Nichomachean Ethics 6:2 1139a

Thinking (dianoia) itself moves nothing, but only thinking for the sake of something and practical (praktike); for this is the governing source (arche) also of productive activity (poietike)…. Now, regarding the thing done (to prakton) acting-well is the end, and desire (or appetite; orexis) is for this. Therefore, choice (proairesis)- [the source of action] – is either appetitive intellect (orektikos nous) or thoughtful appetite (orexis dianoetike), and a human being (anthropos) is such a principle (or source; arche).


Aristotle – Nichomachean Ethics 6:2 1139a36-1139b7

Life, Liberty, and the Defense of Dignity p.68

As Aristotle noted long ago, thought – or speech or reason – itself moves nothing, especially, one can add, thought merely laid down next to appetite. Thought, to be effective, must be inseparable from appetite.

The true source of action is not abstract thought, nor even thought applied to some separate motor or motive force, but rather a concretion, a grown-togetherness, of appetite and mind, so intertwined that one cannot say for sure whether the human principle of action is a species of desire become thoughtful, or an activity of intellection suffused with appetite. How mind and desire become grown together is, of course, a great question, but it is rarely accomplished by applying purely rational doctrines or rules in a passionless way to human agents. On the contrary, the true beginning is rather with the direct but unreflective education of our loves and hates, our pleasure and pains, gained only in practice, through habituation and by means of praise and blame, reward and punishment. Anyone concerned with influencing conduct must be concerned with these in-between powers of the soul, themselves irrational (in the sense of nonreasoning) but fully amenable to reason (in the sense of being formed, to begin with, in accordance with the reasons of one’s parents, teachers and laws, and being open to further refinement through the exercise of one’s own powers of deliberation and discernment).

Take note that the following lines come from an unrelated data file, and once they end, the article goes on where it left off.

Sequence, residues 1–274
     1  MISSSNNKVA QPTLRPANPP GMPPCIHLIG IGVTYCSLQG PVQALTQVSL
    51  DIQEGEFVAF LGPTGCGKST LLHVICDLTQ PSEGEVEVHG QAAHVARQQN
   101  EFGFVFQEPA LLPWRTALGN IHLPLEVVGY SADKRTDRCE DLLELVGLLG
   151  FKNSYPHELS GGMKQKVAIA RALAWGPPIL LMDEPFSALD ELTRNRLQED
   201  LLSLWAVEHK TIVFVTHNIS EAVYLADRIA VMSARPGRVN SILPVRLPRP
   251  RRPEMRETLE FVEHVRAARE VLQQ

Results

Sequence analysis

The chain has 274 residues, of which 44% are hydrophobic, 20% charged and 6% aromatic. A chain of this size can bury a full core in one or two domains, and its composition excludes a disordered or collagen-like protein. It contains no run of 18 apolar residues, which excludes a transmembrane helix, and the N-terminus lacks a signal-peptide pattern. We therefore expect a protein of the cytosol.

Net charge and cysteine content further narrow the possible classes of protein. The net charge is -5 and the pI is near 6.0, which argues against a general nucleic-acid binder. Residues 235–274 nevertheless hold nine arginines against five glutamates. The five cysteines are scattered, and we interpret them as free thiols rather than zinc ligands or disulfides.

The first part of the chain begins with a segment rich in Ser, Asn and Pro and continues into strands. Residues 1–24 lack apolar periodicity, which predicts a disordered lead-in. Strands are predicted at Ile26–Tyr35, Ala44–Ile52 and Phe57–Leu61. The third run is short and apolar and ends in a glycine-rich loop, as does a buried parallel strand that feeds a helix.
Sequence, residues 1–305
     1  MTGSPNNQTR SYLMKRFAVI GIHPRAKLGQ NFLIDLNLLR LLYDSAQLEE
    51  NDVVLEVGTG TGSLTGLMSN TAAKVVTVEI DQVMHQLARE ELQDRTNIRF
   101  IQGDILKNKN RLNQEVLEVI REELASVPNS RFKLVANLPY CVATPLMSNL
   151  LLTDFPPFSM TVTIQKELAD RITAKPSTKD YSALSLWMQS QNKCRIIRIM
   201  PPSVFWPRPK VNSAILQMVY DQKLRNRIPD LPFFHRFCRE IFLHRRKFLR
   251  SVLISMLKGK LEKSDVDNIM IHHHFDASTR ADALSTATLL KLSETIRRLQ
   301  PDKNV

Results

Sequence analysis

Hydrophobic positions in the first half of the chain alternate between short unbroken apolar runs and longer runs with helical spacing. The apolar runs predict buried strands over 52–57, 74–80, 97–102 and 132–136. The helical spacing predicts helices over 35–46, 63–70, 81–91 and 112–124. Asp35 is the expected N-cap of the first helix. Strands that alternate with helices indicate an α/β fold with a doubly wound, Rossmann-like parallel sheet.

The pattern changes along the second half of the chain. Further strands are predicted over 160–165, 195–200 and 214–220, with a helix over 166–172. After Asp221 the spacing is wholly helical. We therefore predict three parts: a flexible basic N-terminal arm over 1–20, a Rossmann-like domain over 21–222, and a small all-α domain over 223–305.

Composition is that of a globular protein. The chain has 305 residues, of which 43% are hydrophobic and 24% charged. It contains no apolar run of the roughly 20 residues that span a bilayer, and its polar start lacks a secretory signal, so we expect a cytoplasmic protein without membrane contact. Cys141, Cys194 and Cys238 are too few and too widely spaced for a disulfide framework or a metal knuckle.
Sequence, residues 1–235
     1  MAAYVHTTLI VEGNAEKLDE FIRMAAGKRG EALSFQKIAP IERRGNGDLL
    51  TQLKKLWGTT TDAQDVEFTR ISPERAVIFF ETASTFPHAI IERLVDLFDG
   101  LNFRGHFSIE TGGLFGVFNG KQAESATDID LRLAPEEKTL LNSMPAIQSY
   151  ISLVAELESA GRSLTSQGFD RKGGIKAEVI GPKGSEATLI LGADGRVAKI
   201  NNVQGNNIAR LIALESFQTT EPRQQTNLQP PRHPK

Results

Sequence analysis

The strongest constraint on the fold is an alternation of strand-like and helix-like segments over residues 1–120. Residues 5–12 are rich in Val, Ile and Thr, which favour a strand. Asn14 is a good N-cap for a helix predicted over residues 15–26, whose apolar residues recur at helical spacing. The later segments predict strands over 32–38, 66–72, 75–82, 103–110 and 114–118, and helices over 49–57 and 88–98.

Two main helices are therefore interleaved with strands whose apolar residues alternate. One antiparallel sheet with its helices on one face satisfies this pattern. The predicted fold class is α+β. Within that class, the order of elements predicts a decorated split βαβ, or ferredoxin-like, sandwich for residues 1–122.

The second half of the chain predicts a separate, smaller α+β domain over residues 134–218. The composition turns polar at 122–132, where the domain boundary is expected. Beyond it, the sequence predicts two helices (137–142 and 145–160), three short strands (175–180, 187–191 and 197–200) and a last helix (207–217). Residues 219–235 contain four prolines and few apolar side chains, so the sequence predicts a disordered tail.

Leon R. Kass – Life, Liberty, and the Defense of Dignity: The Challenge for Bioethics p.68

Three Case Histories p.265

I have been driven to regard as the earliest recognizable sexual organization the so-called “cannibalistic” or “oral” phase, during which the original attachment of sexual excitation to the nutritional instinct still dominates the scene. It is not to be expected that we should come upon direct manifestations of this phase, but only upon indications of it where disturbances have been set up. Impairment of the nutritional instinct (though this can of course have other causes) draws our attention to a failure on the part of the organism to master its sexual excitation. In this phase the sexual aim could only be cannibalism – eating… It is well known that there is a neurosis which occurs at a much later age, in girls at the time of puberty or soon afterwards, and which expresses aversion to sexuality by means of anorexia. This neurosis will have to be brought into relation with the oral phase of sexual life. The erotic aim of the oral organization further makes its appearance at the height of a lover’s paroxysm (in such phrases as “I could devour you with love”) and in affectionate intercourse with children, when the grown-up person is pretending to be a child himself… Permanent marks have been left by this oral phase of sexuality upon the usages of language. People commonly speak, for instance, of an “appetizing” love-object, and describes persons they are fond of as “sweet”… In dreams sweet things and sweetmeats stand regularly for caresses or sexual gratifications.


Sigmund Freud – Three Case Histories p.265